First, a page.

The new Bishop Allen record, Lights Out, is here at last. Here's what went into it: ten years, three full-lengths, twelve EPs, thousands of shows, a move out of Brooklyn, a new home in the wooly wilds of Kingston, NY, time off to score the films Bully and Mutual Friends, as well as an Anderson Cooper 360 special, months of demos, drum tracking in a sweat-lodge attic studio during a July heat wave, a wet Fall arranging guitars, bass, and synths in a now-chilly attic studio, the coldest December on record spent mixing, a close call with a frozen pipe and flooded hard drives, and a photo found on a friend's refrigerator.
Bishop Allen builds upon the extraordinary first years of their career with Grrrâ€¦, which Dead Oceans will release March 10, 2009. The band fronted by Justin Rice and Christian Rudder is best known for making and self-releasing an EP each month for an entire year, then reworking some of the best songs for a highly acclaimed label debut (The Broken String). The rigorous EP project, and the extensive touring that has followed it, have allowed Bishop Allen to hone their craft: writing, performing and recording music. The resulting album, Grrr..., reveals that after five years of comparisons to other artists—Jonathan Richman, The Kinks, Bright Eyes, Spoon, etc., in rave reviews from Rolling Stone, SPIN, Entertainment Weekly and many others—Bishop Allen has developed an artistry and sound that are unmistakably their own. One thing that distinguishes Bishop Allen’s music is the quality of the writing. Rice’s literate lyrics, which The Los Angeles Times has praised for their “poetic insight,” have a universality that has made them resonant to listeners of all ages and earned them champions ranging from the young comic actor Michael Cera to the National Public Radio host Scott Simon. Each of the 13 tracks comprising Grrrâ€¦is a succinct composition, and yet the album also coheres seamlessly as a cycle of song. The melody and/or rhythm of one track is often contiguous with the next. As always, Rice and Rudder are responsible not only for the writing, but the lion’s share of the playing and the recording: the guitars, pianos, marimbas, ukeleles and vocals.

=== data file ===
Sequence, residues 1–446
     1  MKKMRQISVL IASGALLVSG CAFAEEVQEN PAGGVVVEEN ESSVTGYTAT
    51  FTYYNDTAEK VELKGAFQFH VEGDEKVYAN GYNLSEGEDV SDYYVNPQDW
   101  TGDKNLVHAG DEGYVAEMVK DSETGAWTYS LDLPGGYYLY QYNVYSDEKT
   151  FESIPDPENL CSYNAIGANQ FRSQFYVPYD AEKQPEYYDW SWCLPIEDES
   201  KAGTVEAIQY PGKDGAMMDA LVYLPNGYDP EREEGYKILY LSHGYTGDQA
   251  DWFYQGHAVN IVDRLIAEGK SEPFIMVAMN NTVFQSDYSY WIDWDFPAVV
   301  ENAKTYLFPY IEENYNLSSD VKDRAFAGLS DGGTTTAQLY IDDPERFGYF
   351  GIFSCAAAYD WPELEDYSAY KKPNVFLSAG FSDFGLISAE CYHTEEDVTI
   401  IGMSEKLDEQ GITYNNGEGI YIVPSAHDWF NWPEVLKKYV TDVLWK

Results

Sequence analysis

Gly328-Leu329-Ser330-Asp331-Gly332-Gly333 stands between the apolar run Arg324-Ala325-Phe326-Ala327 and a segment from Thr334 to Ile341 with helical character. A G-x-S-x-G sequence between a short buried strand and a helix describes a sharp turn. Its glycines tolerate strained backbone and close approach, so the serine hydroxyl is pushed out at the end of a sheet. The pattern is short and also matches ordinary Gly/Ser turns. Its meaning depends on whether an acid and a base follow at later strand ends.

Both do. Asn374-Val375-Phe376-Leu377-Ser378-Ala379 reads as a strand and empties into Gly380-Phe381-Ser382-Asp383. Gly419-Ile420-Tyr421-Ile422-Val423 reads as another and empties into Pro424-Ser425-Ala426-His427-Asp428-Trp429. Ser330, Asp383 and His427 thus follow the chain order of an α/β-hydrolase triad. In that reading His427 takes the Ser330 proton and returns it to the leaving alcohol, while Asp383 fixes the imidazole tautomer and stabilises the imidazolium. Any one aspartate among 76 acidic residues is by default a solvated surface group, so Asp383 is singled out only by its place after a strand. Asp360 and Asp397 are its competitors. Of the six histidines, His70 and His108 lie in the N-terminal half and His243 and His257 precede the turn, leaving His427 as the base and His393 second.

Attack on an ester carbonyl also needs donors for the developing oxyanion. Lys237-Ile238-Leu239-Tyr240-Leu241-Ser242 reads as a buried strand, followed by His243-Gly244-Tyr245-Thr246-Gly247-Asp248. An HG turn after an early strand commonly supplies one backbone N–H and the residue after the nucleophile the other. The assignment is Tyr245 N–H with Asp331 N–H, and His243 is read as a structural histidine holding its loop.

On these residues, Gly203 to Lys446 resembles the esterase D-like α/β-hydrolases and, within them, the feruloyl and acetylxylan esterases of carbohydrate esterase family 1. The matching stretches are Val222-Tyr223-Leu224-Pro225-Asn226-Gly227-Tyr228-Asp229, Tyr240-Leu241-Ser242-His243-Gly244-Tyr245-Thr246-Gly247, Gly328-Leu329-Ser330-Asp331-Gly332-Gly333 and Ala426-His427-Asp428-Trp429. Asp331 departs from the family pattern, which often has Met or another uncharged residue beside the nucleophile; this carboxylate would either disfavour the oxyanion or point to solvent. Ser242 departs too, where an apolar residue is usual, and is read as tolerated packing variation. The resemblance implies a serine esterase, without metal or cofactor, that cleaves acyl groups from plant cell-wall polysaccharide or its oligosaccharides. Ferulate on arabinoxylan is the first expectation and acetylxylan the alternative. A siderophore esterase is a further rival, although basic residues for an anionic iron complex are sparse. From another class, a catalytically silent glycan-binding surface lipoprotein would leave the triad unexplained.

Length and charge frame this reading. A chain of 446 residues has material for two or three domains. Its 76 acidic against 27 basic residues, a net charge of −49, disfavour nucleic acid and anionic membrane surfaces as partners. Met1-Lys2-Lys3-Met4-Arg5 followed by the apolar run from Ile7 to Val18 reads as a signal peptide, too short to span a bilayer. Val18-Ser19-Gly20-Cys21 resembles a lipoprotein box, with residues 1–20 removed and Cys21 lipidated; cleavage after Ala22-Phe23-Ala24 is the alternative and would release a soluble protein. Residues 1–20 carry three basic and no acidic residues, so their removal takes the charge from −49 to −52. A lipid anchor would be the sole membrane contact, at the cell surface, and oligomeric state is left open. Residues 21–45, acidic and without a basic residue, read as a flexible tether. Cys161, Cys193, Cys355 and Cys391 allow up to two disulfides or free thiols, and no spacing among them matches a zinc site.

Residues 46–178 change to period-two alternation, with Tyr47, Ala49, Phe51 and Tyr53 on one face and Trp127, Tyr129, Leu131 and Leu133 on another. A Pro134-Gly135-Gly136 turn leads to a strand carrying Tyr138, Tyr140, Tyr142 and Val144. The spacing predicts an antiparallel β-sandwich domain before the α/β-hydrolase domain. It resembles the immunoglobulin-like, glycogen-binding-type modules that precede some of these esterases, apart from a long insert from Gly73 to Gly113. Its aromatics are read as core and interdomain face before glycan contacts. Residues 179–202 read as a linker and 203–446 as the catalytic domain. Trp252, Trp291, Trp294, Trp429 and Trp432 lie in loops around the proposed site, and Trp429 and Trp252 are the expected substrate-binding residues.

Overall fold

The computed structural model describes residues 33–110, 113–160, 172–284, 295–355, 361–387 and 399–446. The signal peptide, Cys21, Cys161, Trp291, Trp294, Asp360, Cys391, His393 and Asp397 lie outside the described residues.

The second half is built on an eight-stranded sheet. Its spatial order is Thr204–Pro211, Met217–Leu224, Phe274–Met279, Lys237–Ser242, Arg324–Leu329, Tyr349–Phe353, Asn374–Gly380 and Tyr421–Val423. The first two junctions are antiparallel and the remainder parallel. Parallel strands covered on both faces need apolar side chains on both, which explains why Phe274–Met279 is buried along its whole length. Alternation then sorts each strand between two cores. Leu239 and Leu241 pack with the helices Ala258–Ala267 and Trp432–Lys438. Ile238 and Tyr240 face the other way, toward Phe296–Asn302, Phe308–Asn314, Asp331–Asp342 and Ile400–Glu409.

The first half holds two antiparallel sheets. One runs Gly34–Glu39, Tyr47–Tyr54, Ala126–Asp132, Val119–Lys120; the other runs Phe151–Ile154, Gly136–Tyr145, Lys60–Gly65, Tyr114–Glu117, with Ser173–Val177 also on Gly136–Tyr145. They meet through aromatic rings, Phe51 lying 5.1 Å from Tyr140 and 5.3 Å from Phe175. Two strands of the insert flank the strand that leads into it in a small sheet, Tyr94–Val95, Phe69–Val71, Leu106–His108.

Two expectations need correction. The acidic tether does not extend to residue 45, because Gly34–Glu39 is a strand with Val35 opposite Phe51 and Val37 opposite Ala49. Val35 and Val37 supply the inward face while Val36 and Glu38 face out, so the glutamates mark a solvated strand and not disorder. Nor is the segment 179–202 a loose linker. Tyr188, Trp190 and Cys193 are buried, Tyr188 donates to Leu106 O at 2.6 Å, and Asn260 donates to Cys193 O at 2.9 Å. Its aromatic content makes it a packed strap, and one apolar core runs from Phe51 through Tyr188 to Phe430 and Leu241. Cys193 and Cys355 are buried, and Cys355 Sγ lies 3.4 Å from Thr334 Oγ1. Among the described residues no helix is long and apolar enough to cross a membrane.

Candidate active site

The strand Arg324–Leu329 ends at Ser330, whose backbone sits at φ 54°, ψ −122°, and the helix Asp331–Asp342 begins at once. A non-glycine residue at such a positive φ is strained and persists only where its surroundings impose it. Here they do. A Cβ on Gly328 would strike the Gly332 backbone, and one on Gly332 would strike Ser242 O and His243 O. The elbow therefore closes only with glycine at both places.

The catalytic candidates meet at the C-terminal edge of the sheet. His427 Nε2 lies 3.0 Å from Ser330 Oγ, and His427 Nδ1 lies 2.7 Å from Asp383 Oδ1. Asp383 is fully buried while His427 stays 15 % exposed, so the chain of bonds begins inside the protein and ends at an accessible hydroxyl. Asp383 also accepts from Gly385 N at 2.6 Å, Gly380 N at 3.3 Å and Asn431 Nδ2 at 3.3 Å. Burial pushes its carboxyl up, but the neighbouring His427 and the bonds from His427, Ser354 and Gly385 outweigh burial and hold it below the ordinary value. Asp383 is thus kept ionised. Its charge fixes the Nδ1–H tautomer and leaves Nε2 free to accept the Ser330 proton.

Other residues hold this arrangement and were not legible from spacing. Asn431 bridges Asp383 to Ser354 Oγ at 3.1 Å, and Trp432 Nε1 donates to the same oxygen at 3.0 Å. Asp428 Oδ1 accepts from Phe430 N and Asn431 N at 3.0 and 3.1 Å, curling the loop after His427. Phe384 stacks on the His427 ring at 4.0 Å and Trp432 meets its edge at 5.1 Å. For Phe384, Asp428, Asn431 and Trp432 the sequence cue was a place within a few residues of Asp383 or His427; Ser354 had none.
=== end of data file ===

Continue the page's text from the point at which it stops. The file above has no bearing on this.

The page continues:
2006 was a big year for Bishop Allen - The band recorded and self-released an EP every month of the year. Fifty-eight songs later, they completed one of the most ambitious recording projects in recent memory. Their 2003 debut, Charm School, was a hooky indie-pop gem, but Bishop Allen's EP material proves far more sophisticated and addictive. With the EPs, Bishop Allen's pop smarts sound timeless, escaping the indie-pop idiom and revealing a language informed by the Kinks, Dylan, and the Zombies. While it was in motion, the EP-a-month project was the toast of the blogosphere, but it wasn't just an online phenomenon; it garnered the band attention everywhere from the Wall Street Journal to NPR's Song of the Day. This adulation all happened without the benefit of a record label or publicist. Bishop Allen was truly DIY, recording and releasing their own records and booking their own tours. In early 2007 the band struck a partnership with Dead Oceans and the first fruit of this relationship is Bishop Allen's sophomore album, The Broken String. If Bishop Allen made a huge musical jump from the 2003 debut to the 2006 EPs, the band made a quantum leap on The Broken String. If Ed Sullivan were alive today, Bishop Allen's story-songs would be ripe for prime time. The Broken String is not just a great record by Bishop Allen standards. It is poised to be the pop soundtrack to the summer of 2007.